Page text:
The PEN Pod: Remembering Terrence McNally with Jesse Green
In today’s PEN Pod episode, Jesse Green, co-chief theater critic at The New York Times, joined us in remembering playwright Terrence McNally, who died yesterday at age 81 and was among the first in the literary community to succumb to complications from coronavirus. We spoke with Jesse about the impact of McNally’s legacy, how his work reckoned with gay life in particular, and how theater can change minds. Listen below for our full conversation (our interview with Jesse begins after the five-minute mark).
Among Terrence McNally’s many works are renowned plays like Kiss of the Spider Woman, Ragtime, Master Class, etc. How do you define the work of Terrence McNally?
McNally’s work was generally about outsiders, people trying to get into something that they felt they had been excluded from. They were often gay, but when they were gay, they were also stand-ins for the outsiderness everyone feels, maybe even especially right now, when the world is not the world that you thought it would be. So, for example, in Ragtime, you’ve got groups of African Americans and immigrants trying to find their way in a new country. In Spider Woman, you’ve got a political prisoner and a prisoner of homophobia sharing a jail cell. And in Master Class, you’ve got Maria Callas, who, as a young woman, was told she was too ugly and too unmusical ever to be seen on an opera stage. He championed people like that, although I should say never unequivocally.
“He didn’t just dramatize the change that I’m talking about; he helped to make it stick by sharing it with a very mainstream audience. He wasn’t writing for a niche audience. He was acculturating and teaching a commercial Broadway audience.”
You write in his obituary that his first Broadway production was a bomb called And Things That Go Bump in the Night, but it featured a romance between two men. How did McNally’s work reckon with gay life in particular?
I should just add, by the way, I didn’t put it into the obit, but those two men—one was, at that time, that new kicky thing called a bisexual, and the other was what they then called a cross-dresser. So even McNally was at that time partaking in some of the “aren’t they crazy” kind of normalizing effect that some plays did in their treatment of gay characters. But over the longer arc of his career, his treatment of gayness followed the arc of the times: from the closet, to liberation, to disaster, to marriage and parenthood. In one of his last plays, called Mothers and Sons, a gay man has married and they have a five-year-old son together. So, again, this was not done unequivocally. In that play, Mothers and Sons, the mother—who was played by Tyne Daly by the way—is a furious old homophobe, but she’s not unlovable. And the young gay dad is totally right on the politics, but he’s a bit of a pill. The other thing to say, though, is that he didn’t just dramatize the change that I’m talking about; he helped to make it stick by sharing it with a very mainstream audience. He wasn’t writing for a niche audience. He was acculturating and teaching a commercial Broadway audience. So if his plays sometimes seemed ingratiating, that was why. It was on purpose.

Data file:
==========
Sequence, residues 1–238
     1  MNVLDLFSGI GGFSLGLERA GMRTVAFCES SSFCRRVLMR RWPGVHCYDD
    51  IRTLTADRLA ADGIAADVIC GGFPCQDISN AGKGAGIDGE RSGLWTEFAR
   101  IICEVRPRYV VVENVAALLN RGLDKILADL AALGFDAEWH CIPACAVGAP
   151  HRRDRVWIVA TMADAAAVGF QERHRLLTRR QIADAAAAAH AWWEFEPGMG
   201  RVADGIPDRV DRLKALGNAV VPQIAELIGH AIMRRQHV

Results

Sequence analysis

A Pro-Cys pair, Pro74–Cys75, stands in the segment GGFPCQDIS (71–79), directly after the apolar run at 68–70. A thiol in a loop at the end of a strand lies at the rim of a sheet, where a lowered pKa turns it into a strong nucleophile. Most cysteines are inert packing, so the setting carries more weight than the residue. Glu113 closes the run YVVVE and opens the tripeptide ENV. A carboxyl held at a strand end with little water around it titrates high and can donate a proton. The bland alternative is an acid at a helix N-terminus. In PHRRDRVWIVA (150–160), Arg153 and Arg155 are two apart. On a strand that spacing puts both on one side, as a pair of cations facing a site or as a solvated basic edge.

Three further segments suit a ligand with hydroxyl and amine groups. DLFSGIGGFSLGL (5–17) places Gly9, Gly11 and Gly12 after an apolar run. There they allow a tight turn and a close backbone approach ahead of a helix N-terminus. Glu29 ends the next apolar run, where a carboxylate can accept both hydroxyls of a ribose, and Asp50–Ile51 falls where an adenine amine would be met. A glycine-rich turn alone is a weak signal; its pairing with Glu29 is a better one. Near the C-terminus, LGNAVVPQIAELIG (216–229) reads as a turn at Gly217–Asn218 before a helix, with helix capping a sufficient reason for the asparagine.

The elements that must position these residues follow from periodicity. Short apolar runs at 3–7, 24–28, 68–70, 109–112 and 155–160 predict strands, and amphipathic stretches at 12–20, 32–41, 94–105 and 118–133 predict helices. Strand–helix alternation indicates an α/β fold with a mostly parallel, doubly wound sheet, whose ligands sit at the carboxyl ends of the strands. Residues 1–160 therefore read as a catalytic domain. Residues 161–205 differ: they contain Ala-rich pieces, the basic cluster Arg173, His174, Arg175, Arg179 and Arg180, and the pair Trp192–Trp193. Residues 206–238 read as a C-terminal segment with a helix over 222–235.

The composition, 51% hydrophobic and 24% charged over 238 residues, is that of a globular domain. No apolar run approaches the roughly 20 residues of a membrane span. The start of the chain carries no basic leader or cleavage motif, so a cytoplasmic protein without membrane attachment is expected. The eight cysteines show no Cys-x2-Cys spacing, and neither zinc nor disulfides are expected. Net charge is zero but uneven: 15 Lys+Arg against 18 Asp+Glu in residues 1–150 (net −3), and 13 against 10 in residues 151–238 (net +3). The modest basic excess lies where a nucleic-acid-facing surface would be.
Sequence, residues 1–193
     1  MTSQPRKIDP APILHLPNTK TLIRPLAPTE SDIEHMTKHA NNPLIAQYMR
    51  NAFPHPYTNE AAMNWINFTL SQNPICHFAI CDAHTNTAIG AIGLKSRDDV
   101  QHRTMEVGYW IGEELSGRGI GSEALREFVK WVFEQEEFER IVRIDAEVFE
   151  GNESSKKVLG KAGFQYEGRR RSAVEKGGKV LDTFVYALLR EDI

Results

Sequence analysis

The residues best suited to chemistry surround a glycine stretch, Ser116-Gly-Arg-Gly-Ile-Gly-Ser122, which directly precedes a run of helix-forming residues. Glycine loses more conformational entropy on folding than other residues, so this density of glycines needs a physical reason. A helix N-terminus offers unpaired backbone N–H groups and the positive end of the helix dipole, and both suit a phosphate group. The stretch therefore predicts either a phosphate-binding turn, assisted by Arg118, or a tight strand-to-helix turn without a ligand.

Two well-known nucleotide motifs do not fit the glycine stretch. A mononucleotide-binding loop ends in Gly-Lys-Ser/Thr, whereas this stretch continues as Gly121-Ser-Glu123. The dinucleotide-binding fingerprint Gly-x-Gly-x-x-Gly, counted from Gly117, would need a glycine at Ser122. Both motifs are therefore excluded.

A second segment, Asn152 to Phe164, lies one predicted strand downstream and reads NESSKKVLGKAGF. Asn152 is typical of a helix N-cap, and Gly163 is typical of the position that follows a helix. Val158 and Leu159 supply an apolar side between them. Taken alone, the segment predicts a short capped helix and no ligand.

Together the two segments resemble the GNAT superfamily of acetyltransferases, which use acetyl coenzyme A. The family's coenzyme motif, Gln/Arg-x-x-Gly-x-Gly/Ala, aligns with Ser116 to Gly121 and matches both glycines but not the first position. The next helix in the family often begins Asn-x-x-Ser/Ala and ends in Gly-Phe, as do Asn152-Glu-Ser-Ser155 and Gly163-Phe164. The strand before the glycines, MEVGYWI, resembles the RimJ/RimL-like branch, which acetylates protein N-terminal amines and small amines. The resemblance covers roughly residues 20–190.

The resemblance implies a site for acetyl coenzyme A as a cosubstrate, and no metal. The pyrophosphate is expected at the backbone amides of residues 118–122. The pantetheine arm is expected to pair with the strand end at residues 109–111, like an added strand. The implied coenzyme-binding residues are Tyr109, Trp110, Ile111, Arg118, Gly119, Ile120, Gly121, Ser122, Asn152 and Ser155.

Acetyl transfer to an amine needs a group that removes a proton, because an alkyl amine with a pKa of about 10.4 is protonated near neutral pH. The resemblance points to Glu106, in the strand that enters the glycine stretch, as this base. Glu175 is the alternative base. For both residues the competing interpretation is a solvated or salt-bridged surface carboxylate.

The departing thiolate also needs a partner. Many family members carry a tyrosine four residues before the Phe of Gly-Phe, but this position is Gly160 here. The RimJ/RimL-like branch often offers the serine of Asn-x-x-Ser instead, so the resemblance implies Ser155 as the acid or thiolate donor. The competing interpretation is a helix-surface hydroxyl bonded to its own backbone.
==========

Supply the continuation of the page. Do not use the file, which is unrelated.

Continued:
You also write about one of the first shows McNally saw, which was the musical Annie Get Your Gun. What impression did that have on him and his career?
I think the impression that it had was to make him realize that theater could change things, could change minds. Annie Get Your Gun is not a profound piece of work politically, but it still literally rewired his own brain so that decades later, the scenes he saw—the way Ethel Merman turned her hand or warbled a note—was as fresh to him as when those things were first encoded in his neurons. So, I think it taught him that he could do something in the theater that few people have an opportunity to do, which is to change people’s minds forever.
“I think it taught him that he could do something in the theater that few people have an opportunity to do, which is to change people’s minds forever.”
How do you think Terrence McNally will be remembered by the theater and literary community here in New York and globally?
Just speaking personally, I met him a number of times, I interviewed him now and then, and I knew his husband Tom, so one thing I think is that people who knew him or knew of him in the theater will remember him as an incredibly generous and lovely guy, who actually lived the change he was writing about. He wasn’t just, you know, reading a history book and trying to make it seem real; he had been through it. His parents were totally unaccepting of his relationships. They didn’t want to hear about it. And yet, after years of problematic relationships—including famously, for five years with Edward Albee—he married a wonderful man who eventually became the producer of his plays. So, another thing I think he’ll be remembered as, aside from this incredible body of work—35 plays (maybe 36), 10 musicals, 4 screenplays for opera librettos—will be an example of a way to live as an artist, in kindness.
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